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Elisabeth McLaughlin / Columbia Daily Spectator

The proposed regulations outline both suggestions and mandates that govern how a University will be obligated to adjudicate cases of misconduct, the latter by which Columbia may have to abide, according to Goldberg.

In light of the official release of the Department of Education’s new proposed regulations regarding sexual misconduct, the University will stand by its values that emphasize student safety and support, according to Executive Vice President of University Life Suzanne Goldberg. Under federal mandate, however, Columbia’s own policies and procedures—particularly those regarding adjudication processes—may be forced to change.

While officially proposed by the Trump administration, these regulations—which will reshape Obama-era Title IX policies to focus on protecting the rights of the accused, and narrow the definition of harassment, among other changes—still require a 60-day public comment period and an additional three-month period before they are codified into federal law. The regulations outline both suggestions and mandates that govern how a University will be obligated to adjudicate cases of misconduct, the latter by which Columbia may have to abide, according to Goldberg.

“We will continue to do what we do and make very clear that whatever changes federal regulation might ultimately require. We want to support students in reporting incidents of misconduct and in knowing that if they report, all students involved in the process will be treated fairly in the sensitivity of the issues,” Goldberg said.

The regulations, released under Secretary of Education Betsy DeVos, outline non-mandatory changes that reduce the legal accountability of universities in investigating reported conduct, including the restriction of mandatory reporting to administrative officials, which does not include residential advisors or faculty members. The regulations also say that universities will not have to investigate off-campus misconduct and have the option of raising the burden of proof for accusers, and will give students accused of misconduct the right to cross-examine their accuser.

Goldberg said that in all of these cases, the University will stick by its current standards and values, which uphold a culture of prevention, education, safety, and fairness for its students and faculty.

However, Goldberg also said she anticipates potential conflict between certain areas of University policy and federal law, such as the regulations’ mandate that a party's advisor must be able to cross-examine the other student in a live hearing. Currently, heading procedures are only conducted through private questioning by the hearing panel. Additionally, regulations mandate that both parties have equal access to the evidence garnered by the school investigator, conflicting with the University’s policies that allow the investigative team to release information at their discretion.

Despite potential regulations which may deter students from reporting instances of misconduct, Goldberg emphasized that broader cultural movements also have significant power in pushing against those changes.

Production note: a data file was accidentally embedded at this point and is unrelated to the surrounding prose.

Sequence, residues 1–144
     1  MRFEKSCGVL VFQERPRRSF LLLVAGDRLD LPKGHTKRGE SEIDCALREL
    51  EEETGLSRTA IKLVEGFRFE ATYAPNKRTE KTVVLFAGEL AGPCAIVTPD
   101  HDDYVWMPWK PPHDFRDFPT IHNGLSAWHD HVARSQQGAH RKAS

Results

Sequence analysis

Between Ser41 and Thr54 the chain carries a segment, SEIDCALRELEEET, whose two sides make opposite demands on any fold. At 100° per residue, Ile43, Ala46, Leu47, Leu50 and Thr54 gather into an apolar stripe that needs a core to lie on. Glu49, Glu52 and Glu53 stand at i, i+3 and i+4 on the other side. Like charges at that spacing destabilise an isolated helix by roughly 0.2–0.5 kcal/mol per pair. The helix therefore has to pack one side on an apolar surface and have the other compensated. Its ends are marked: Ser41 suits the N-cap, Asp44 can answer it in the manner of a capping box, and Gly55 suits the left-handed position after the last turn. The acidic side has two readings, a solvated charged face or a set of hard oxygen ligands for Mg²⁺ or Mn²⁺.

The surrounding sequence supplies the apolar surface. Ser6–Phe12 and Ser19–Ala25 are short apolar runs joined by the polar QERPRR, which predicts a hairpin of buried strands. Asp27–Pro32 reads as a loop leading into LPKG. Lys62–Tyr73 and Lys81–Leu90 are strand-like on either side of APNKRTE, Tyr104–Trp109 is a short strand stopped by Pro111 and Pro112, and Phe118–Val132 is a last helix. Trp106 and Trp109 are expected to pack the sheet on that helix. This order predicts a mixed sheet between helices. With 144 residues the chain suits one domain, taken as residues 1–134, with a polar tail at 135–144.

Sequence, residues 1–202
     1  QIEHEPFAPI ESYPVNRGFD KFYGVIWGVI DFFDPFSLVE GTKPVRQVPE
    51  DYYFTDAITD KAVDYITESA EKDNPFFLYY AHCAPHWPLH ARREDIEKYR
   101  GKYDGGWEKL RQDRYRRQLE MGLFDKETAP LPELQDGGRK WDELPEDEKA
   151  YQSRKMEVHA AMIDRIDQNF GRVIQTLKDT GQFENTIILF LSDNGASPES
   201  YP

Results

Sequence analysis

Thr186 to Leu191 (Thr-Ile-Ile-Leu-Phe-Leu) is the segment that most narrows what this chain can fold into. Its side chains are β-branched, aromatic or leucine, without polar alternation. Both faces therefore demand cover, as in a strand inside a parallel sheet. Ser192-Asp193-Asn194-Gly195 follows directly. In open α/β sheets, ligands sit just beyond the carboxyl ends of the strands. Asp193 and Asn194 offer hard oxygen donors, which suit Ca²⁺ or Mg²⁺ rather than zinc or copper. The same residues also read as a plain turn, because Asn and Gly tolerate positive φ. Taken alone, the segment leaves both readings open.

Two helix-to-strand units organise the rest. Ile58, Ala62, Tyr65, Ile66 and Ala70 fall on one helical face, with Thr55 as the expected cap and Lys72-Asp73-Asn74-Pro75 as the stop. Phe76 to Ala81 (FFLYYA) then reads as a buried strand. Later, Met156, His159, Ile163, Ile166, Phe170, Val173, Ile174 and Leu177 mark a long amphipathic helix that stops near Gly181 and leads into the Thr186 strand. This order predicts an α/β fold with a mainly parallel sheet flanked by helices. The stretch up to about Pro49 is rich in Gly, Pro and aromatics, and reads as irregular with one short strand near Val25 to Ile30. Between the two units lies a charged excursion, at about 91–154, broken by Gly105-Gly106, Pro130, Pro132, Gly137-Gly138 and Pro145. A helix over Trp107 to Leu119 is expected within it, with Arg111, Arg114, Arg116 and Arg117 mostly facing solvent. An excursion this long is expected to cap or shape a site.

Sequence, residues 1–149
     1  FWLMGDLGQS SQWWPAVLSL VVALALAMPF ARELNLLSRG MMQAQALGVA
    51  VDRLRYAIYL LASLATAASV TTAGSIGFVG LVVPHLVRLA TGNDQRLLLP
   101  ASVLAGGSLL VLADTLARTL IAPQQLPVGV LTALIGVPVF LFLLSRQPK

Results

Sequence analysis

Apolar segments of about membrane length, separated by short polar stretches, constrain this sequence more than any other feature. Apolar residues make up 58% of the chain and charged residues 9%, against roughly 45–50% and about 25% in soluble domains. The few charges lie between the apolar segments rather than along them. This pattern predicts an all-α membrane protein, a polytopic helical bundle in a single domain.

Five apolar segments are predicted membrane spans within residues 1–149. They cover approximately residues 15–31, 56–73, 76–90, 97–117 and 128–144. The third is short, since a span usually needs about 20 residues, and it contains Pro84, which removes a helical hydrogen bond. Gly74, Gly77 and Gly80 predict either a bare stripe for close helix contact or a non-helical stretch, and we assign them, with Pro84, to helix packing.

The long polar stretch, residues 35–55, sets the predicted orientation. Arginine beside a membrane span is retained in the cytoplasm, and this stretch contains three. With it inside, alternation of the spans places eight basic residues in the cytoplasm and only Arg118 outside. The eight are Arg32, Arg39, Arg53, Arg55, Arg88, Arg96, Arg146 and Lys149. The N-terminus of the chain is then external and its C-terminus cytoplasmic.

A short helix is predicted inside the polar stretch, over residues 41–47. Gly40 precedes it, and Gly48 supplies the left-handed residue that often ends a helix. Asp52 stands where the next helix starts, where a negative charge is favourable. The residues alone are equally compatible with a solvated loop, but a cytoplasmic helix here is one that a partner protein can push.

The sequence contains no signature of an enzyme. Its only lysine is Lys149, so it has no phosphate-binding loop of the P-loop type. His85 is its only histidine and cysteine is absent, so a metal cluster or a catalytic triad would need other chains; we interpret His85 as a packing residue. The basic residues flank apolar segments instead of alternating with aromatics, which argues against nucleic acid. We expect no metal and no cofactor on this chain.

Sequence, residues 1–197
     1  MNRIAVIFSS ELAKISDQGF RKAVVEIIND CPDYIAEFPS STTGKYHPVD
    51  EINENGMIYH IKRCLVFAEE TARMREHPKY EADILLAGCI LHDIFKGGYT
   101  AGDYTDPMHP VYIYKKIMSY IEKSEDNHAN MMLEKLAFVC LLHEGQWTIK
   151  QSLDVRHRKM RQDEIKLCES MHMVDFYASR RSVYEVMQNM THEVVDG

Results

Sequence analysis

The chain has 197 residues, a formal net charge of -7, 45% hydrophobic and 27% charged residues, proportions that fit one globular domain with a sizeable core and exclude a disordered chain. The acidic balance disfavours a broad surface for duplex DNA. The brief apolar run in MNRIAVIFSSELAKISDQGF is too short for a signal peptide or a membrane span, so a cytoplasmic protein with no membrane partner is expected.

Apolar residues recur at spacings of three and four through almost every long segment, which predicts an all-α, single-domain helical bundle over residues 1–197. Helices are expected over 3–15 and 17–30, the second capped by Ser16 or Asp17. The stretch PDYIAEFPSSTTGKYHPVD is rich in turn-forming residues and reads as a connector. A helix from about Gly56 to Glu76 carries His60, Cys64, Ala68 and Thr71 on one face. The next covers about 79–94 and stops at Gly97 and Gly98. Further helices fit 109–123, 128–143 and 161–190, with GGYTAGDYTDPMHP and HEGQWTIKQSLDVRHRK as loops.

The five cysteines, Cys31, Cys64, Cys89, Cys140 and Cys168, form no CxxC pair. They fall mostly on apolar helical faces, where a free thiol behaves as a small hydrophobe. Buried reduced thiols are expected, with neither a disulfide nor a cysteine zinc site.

“Title IX regulations from the government are one piece of the broader shaping of the culture around these issues. I think it's hard to see that new federal regulations will have a greater impact on student’s willingness to report sexual misconduct than the #MeToo movement,” Goldberg said.

In an email to the Barnard community, the college released a statement informing students of potential changes to the college’s policies under the proposal, such as the requirement of a live hearing. The statement ensures that the college will continue to track the progression of the proposed rules, stand by New York state law, and work to alter their policies to be consistent to both state and federal regulation. Columbia has yet to release a statement to its students.

Passed in 1972, Title IX places responsibility on institutions that receive federal funds to protect people from gender and sexual discrimination. In 2011, the Department of Education released a “Dear Colleague” letter, which prompted Columbia to make changes to its policies, including the introduction of mandated reporters and allowing all violations to warrant an investigation. Since then, the University has increased its initiatives to encourage education, support, and resources for students in regards to sexual misconduct prevention.

While these resources still exist despite federal policy changes, the experts express concerns that the looser federal regulations will change the supportive culture established under Obama-era guidelines, which emphasize the rights of the accuser. The department projected that new regulations will result in a 39 percent decrease in adjudicated cases by universities.

Goldberg additionally reaffirmed faculty’s commitment to reporting as a “bridge” to resources for reporting offices, and detailed the expansion of University-wide awareness programming such as the Sexual Respect Initiative as a means through which Columbia will continue to provide support for students.

“We have legal obligations that we must follow. But most fundamentally, we have in interest in having a safe and supporting community of students, faculty, and staff,” Goldberg said.

valeria.escobar@columbiaspectator.com | @ColumbiaSpec

Sexual misconduct Title IX Office of University Life
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